Our eternal quest for happiness has a tendency to get a bit complicated. There are just so many caveats that crop up in pursuit of this golden standard.
Happiness comes from connecting with people, but not on Facebook. We need some friends, but not too many. Helping others is critical, yet so too is spending time alone. A certain amount of money brings us satisfaction, but there’s a threshold to this effect; and it’s better spent on freeing up time rather than material possessions.
It’s great to have such a cacophony of info; yet, it’s also enough to make anyone’s head spin.
So, it was with relief that we stumbled upon an intriguingly simple approach to this enormous and thorny topic.
The Hawaiian approach
According to a new article in Forbes, the Hawaiian language is brimming with different words that capture happiness. And one of these is “niele” – or the art of being curious.
“The Hawaiians believe everyone has a purpose in life; that’s a given,” explains writer (and avid traveller)
“So, it’s important to be curious and explore different avenues to figure out what that is. This sense of curiosity makes the present moment more exciting as you’re constantly on a journey of finding fulfillment.”
Openness to experience
There’s nothing big or flashy about being curious, and yet it opens up so many doors. And therein lies its genius.
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Time and again, we hear that new experiences are the key to happiness. Trying something different – whether that’s travelling to a new country, or learning a fresh skill – facilitates flexible thinking. It helps us to see the world in a different and more creative way.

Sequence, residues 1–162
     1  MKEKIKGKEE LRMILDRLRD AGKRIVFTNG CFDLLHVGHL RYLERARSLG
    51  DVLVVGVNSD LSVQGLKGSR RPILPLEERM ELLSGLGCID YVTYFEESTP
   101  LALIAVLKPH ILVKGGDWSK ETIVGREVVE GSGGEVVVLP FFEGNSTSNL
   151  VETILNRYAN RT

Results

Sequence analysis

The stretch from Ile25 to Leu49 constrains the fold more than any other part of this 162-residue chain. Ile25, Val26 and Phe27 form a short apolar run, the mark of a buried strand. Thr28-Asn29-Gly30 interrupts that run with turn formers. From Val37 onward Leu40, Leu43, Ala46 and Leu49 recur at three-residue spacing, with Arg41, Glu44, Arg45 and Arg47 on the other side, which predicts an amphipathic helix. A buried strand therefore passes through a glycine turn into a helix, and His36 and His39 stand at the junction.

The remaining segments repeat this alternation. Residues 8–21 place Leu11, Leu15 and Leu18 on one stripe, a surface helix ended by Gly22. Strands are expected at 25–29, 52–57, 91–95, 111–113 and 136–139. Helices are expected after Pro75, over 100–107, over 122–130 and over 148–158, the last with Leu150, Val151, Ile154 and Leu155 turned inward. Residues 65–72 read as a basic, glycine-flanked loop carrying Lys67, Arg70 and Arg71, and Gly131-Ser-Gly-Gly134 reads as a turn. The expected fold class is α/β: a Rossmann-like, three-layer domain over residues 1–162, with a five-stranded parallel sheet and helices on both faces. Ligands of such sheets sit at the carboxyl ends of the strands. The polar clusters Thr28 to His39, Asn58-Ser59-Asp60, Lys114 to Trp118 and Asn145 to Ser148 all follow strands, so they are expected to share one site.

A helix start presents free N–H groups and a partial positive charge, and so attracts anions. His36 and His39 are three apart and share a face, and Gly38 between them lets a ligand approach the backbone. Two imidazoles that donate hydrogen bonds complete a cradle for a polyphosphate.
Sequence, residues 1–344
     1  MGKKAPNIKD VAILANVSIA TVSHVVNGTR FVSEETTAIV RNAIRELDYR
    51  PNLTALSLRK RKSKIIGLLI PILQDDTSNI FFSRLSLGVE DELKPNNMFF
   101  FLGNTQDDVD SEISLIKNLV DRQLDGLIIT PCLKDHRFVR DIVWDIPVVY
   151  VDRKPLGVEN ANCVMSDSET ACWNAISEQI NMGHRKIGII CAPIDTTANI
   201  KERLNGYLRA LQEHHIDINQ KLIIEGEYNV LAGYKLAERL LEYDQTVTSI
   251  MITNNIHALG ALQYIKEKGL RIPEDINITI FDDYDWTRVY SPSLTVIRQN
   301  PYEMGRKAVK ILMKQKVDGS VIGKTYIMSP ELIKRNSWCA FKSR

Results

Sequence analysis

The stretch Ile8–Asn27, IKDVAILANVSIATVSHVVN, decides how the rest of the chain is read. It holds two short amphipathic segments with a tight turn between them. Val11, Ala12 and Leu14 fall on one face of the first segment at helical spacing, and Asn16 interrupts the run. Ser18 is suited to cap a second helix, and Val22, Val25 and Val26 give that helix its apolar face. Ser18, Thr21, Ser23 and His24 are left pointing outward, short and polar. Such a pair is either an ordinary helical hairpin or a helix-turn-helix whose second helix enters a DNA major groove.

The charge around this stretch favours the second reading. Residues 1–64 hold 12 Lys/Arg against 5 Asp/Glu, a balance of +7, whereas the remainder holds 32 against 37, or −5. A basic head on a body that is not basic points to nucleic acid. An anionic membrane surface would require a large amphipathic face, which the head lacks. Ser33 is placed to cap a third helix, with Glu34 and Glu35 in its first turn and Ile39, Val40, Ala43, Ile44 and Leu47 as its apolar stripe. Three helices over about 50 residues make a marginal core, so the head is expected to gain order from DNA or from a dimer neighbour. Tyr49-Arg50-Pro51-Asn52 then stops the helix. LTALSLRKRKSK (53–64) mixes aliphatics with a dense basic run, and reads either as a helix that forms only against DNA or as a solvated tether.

And this entire process begins with being curious.
New people, new horizons
With curiosity also comes the opportunity to reach out to new people. It’s the driving force that compels us to reach out and tap into the stories of others.
Even little day-to-day encounters with people we hardly know gives a sense of belonging to a larger community.
Meeting strangers broadens our horizons, challenging us to think from a different point of view. Sometimes, those people become friends – which, of course, is an even bigger win in the happiness stakes.
Staying in the present
When you’re curious about the things and the people around you, you’re more likely to stay in the now. And living in the moment – rather than daydreaming or dwelling – really does make us happier.
“Human beings have this unique ability to focus on things that aren’t happening right now,” says Matthew Killingsworth, a doctoral student in psychology at Harvard University, who contributed to a major study on mental wellbeing. “It seems that human beings often use this ability in ways that are not productive and furthermore can be destructive to our happiness.”
Being curious guards against becoming too lost in your own head. You look out to the world, rather than inwards to yourself.
Ask and you will find out
They say ignorance is bliss, but the opposite is actually true. Being curious means we ask more questions – and our thirst for knowledge is sated.
This, in turn, builds self-esteem and resilience.
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“Learning can help us build confidence and a sense of self-efficacy,” says Vanessa King, positive psychology expert at Action for Happiness. “As human beings, we have a natural desire to learn and progress. Psychologists call it mastery.”
So, there you have it. Four ways for happiness to flourish, from the simple act of being curious.
Go forth and let your inner nosiness loose…